HSC and ATAR: What's the difference?

06 Apr 2018

Four young people with backpacks walking down a tree-lined path away from the camera

The most important thing to know is that HSC marks and the ATAR have different purposes:

  • Your HSC mark for each course tells you about your performance in your exam and assessments. There's no quota as to the number of students who can achieve top marks.
  • Your ATAR tells you about your position, or ranking, compared to other students in NSW and takes into account your achievement in all your HSC courses. Its only purpose is to help universities select applicants for their courses.

You can think of it like a running race: your HSC is your time (and is not compared to anyone else's time), and your ATAR is your place (first, second, third, and so on).

How they're calculated

HSC marks and ATARs are calculated separately using different methods.

  • The NSW Education Standards Authority (NESA) takes raw HSC marks and aligns them to performance bands to calculate HSC marks.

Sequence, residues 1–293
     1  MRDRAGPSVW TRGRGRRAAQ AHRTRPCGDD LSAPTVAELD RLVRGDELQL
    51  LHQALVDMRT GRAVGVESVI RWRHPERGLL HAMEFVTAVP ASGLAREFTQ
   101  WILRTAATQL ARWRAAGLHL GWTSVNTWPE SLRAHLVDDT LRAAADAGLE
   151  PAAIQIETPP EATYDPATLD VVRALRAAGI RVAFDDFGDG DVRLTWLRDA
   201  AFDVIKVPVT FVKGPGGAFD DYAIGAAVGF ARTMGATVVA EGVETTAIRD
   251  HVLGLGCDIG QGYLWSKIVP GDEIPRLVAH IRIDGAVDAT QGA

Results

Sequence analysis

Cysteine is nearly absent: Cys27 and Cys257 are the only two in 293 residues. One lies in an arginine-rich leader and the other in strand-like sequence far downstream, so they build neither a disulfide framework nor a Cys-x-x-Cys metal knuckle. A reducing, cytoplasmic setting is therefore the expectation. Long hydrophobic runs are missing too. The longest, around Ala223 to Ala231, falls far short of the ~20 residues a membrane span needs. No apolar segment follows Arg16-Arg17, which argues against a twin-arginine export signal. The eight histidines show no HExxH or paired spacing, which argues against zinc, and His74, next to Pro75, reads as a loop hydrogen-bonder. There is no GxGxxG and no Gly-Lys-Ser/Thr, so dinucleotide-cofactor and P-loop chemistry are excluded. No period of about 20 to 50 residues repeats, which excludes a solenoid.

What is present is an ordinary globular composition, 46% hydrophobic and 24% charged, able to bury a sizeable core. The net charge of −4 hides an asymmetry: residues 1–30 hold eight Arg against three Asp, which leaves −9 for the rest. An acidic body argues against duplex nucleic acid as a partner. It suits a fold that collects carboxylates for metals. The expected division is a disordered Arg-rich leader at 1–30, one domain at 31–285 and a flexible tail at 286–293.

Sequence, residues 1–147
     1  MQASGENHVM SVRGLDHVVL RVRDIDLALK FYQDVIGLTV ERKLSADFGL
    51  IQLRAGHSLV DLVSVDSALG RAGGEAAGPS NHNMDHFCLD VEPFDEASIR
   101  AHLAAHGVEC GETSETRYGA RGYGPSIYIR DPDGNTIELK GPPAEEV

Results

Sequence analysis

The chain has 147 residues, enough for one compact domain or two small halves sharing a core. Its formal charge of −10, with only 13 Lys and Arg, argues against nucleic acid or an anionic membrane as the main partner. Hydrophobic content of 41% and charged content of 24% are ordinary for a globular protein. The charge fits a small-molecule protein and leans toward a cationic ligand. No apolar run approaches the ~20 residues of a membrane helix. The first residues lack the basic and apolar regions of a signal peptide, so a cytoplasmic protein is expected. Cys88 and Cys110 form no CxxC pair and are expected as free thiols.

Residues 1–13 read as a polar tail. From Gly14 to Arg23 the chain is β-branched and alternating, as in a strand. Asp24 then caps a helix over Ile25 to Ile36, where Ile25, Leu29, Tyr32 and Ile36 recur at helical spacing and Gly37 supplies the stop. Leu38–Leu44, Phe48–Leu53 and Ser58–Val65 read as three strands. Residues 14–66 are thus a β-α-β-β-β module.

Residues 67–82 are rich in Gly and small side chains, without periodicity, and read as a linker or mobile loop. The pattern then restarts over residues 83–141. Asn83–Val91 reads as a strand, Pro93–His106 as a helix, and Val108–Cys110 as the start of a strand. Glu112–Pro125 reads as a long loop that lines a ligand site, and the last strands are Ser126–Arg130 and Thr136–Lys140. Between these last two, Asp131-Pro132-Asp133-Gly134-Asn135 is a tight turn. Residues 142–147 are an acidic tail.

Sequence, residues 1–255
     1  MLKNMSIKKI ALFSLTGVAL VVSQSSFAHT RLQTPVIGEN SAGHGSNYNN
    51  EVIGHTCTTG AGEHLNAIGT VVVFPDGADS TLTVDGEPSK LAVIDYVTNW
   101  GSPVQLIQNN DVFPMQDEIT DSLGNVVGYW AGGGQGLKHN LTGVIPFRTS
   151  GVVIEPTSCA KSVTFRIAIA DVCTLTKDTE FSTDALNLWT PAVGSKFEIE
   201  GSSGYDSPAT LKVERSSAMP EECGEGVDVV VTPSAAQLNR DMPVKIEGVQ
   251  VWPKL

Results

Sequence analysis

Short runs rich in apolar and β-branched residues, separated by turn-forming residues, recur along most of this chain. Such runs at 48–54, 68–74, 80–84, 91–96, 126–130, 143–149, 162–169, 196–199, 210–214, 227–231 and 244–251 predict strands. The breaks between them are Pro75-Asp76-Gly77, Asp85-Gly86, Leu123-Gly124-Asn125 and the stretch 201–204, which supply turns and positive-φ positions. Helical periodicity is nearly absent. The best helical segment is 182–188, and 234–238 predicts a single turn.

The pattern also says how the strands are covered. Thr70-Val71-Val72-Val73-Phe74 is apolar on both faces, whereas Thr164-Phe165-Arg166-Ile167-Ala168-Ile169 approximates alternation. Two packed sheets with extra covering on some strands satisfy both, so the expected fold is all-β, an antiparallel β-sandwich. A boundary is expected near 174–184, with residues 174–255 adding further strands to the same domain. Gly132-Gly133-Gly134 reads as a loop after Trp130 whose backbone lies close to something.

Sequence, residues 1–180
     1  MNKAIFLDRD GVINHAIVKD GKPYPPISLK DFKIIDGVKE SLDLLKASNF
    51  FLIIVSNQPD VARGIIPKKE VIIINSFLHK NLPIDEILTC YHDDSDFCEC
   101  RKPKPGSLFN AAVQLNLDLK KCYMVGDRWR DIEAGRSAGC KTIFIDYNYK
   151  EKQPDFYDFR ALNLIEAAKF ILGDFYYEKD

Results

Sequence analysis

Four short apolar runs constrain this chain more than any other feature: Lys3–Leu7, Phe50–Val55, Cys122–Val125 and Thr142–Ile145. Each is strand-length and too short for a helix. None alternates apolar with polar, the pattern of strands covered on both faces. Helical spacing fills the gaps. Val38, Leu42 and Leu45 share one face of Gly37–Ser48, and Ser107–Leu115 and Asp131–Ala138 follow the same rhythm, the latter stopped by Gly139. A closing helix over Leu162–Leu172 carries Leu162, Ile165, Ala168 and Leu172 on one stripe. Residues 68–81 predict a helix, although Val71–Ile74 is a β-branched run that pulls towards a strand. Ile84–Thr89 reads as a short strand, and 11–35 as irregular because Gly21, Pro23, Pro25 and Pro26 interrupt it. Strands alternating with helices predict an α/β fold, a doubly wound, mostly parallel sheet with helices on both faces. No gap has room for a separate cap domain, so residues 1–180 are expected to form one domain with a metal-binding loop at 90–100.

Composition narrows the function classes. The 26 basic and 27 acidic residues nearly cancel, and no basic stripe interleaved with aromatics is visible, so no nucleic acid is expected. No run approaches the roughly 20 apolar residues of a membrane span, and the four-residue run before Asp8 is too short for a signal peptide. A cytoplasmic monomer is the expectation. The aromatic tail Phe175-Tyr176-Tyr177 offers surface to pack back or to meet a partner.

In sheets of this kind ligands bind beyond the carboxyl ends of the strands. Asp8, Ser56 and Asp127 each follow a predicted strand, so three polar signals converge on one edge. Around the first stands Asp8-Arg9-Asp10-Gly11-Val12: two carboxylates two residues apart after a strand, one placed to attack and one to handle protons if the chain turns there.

• UAC scales raw HSC marks and uses the scaled marks to calculate ATARs.

The ins and outs of scaling are best kept for another day, but the key point is that the purpose of scaling is to allow a fair comparison of students, regardless of the courses they study.

Important differences

Your HSC marks:

  • tell you how well you have performed in each of the different courses you have completed, but not how anyone else has performed in each course
  • are reported against academic standards (your level of knowledge of the subject)
  • are provided by the NSW Education Standards Authority.

Your ATAR:

  • tells you where you are positioned overall against other students, no matter what combination of courses you – or they – have completed
  • is a rank, not a mark
  • is provided by UAC.

Here's a tip

Lots of students get HSC marks between 70 and 80, so their rankings are really spread out. Getting closer to 80 will make a big difference to your ATAR.